Remember back in the day when people thought that Wikileaks was just about whistleblowing? I remember it well. Back in those days people were thinking that their purpose was a necessary component to righting wrongs in government, with a clear balance between what goes on in backrooms and what is kept from the people’s right to know.

Today however that narrative has changed. But maybe what has really changed is how we perceive both Assange and Wikileaks as not what it was once sold to us as, which was necessary and meaningful operation, rather the perception is now with eyes wide open about who runs it and what their real purpose has been all along. That purpose, is that both Assange and Wikileaks has been from the beginning an arm of Russian propaganda and the Russian intelligence community.

The unraveling started with Edward Snowden and his flight from the United States to Hong Kong. While there Snowden was trying to escape with massive amounts of pilfered data from the intelligence community. Assange and Wikileaks stepped in to help him escape from the United States. Snowden wanted to go to Latin America, but Assange overruled that option and told him that in Latin America he could be killed very easily. But in Russia Snowden would be safe, not only from American justice, but from getting killed for what he had.

The one key problem with this scenario is that Assange supposedly sold this narrative that in Russia, no one with his type of issues gets killed. Of course this is pure fallacy. Because in Russia, people with his type of talent get killed all the time.

Snowden somewhat fashioned himself as some type of journalist who was bringing important data with him that proved malfeasance in the United States intelligence community. But, what Assange did not elude to was that Russia was considered one of the worst places for journalists and people with “information” that needed to get out.

In June a wide-ranging investigation by the International Federation of Journalists into the deaths of journalists in Russia was published in June 2009. At the same time the IFJ launched an online database[5][6] which documented over three hundred deaths and disappearances since 1993. Both the report Partial Justice[7](Russian version: Частичное правосудие[8]) and the database depend on the information gathered in Russia over the last 16 years by the country’s own media monitors, the Glasnost Defense Foundation and the Center for Journalism in Extreme Situations.

In September in its own report, Justice the Committee to Protect Journalists repeated its conclusion that Russia was one of the deadliest countries in the world for journalists and added that it remains among the worst at solving their murders. They died or were killed, the CPJ is convinced, because of the work they were doing and in only one case, it notes, has there been a partially successful prosecution.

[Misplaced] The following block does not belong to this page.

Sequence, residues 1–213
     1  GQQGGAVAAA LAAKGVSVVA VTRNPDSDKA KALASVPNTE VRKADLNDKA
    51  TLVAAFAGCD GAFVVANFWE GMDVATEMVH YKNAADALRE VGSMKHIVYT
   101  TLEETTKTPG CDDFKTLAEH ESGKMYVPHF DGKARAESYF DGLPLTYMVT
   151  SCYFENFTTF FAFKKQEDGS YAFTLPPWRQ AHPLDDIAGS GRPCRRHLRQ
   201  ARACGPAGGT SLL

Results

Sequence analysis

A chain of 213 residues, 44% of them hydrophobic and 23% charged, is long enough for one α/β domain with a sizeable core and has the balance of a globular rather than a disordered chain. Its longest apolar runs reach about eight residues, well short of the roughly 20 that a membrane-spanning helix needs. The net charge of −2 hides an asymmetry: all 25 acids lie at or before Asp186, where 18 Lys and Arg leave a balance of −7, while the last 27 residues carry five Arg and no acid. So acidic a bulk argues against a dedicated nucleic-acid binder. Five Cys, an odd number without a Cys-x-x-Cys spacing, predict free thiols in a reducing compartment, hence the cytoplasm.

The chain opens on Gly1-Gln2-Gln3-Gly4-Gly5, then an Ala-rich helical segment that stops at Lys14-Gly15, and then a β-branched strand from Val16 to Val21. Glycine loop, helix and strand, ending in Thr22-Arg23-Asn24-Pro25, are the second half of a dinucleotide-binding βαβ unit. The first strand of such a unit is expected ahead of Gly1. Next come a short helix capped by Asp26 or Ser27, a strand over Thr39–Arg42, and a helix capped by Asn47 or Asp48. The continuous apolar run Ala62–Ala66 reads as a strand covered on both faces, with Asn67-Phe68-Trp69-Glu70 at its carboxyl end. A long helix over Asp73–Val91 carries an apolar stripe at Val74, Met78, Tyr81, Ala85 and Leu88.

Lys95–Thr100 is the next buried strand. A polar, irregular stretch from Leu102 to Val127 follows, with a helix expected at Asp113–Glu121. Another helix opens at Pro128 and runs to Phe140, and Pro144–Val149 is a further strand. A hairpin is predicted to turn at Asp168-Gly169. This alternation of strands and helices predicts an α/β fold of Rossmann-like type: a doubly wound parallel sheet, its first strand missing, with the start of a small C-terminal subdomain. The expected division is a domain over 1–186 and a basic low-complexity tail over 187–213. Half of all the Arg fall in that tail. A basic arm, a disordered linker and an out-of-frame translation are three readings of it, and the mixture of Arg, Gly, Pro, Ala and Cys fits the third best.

Lest we forget, Russian intelligence will also operate from countries that are considered safe from black operations that they conduct. Case in point: Alexander Litvinenko.


This was a case where Putin sent out some very dedicated killers to poison Litvinenko with radioactive Polonium. They succeeded and Litvinenko was killed.

Former spy Alexander Litvinenko was killed in November 2006, leading to a clouding of relations between London and Moscow.

The 43-year-old had been an officer with the Federal Security Service (FSB), the successor to the KGB, but he fled to Britain where he became a fierce critic of the Kremlin. In his final years he also became a British citizen.

After he was killed by radioactive polonium-210, believed to have been administered in a cup of tea, it emerged the father-of-one was being paid by the British secret service MI6.

Knowing all of this, Assange still directed Snowden to the hands of Putin, the FSB, and Mother Russia. In Assange’s mind Russia was the safest place for Snowden. This started numerous questions of what Assange was really doing and how he so connected to Russian intelligence as well as Putin, and how he could arrange a very quick flight to Russia where Snowden was eventually given asylum. Taking out all the mystery of Snowden being a Russian mole in American intelligence, if we were to take Snowden at face value as some freedom loving libertarian, then Assange played the key role in helping him to escape to a country in which he had a direct line to Putin to gain Snowden quick asylum.